8. Learn a Few Toasts
Supra – that’s how Georgians call socialising at the table. However, it’s not all about the table, food and drink – the main attributes of supra – but also good tamada (the toastmaster) and plenty of toasting. Truth be told, if the toastmaster is not very eloquent, the event can feel a little long and slightly boring, as there are 10-15 main toasts that have to be told every time people take a seat at the table. Toasts to peace, country, God and the Orthodox spiritual leader Ilia II of Georgia, women, mothers, parents, children, the deceased, love, friendship, loyalty, self-sacrifice, the supra, the hosts, the other supras… People say there are 33 main and 333 toasts in general. No one has officially counted them, though. Toasts are passed down by word of mouth, and constantly infused with the thoughts and wisdom of those who tell them. Back home, you’re sure to impress your guests by telling at least a few true Georgian toasts.
9. Light a Candle in One of the Many Orthodox Churches
Regardless of your beliefs, or lack thereof, visit at least one of the city’s many Orthodox churches. Light a candle and just stay a little while. The Apostolic Church of Georgia is one of the oldest Christian churches in the world. It was founded in the 1st century AD by St. Andrew, with the official adoption of Christianity to follow in the first half of the 4th century. That’s why most of Tbilisi’s Orthodox churches are really old. The interior of these churches is transfused with thousands of different prayers. The gigantic Sameba Cathedral, which contains as many as 12 churches, was built only a decade ago. Now it’s the country’s main temple and the symbol of Tbilisi. We also recommend you visit the Metekhi Church, which has connections with several Georgian rulers. The church opens up to a beautiful panorama of Tbilisi’s Old Town. There’s also the Sioni Cathedral, built in the 6th century AD, which was destroyed and rebuilt many times since.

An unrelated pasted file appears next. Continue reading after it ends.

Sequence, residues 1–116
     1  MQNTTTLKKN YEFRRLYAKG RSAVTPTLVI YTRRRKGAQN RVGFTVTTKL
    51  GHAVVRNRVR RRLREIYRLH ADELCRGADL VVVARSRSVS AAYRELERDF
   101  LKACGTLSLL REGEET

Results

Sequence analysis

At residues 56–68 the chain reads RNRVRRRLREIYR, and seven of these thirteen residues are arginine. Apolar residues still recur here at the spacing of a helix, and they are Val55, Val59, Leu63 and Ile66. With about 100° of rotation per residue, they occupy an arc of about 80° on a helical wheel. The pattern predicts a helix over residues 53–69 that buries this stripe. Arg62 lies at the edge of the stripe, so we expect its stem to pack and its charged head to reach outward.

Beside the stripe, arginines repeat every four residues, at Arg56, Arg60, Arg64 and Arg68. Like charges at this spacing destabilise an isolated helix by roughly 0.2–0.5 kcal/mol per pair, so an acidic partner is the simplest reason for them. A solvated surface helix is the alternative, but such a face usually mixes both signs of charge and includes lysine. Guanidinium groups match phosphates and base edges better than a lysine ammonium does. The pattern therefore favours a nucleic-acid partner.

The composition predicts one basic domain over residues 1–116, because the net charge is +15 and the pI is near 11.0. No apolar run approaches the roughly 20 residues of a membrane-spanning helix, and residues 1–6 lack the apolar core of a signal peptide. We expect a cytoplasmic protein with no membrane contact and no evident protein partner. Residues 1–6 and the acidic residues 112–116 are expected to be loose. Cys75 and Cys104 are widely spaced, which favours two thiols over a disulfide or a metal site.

10. Buy a Piece of Jewellery or Knick-Knack on the “Dry Bridge”
The Dry Bridge over to the Madatov Island was built in 1851 – in the past, it used to be a real island that belonged to General Madatov. River Mtkvari used to be located on one side, and a shallow channel on the other. Since the Soviet times, when the channel was buried, the bridge became known as the Dry Bridge. Today, the island is one large park, taken up by a flea market. Here you’ll find scores of people selling souvenirs and antiques. At the market, you can buy authentic ancient objects (even though many of them are mere replicas), such as a smoothbore musket. Here you can find anything you could possibly want: paintings, pottery, scarves, felt boots, jewellery, silver, crockery, stuffed animals, etc. Everything is home-made, and adapted to each and every taste, as well as budget. From professional wares to those made by students and amateurs. Moreover, in this gigantic market you can find Soviet utensils, paintings, and so on. There’s also a fairly large book market nearby.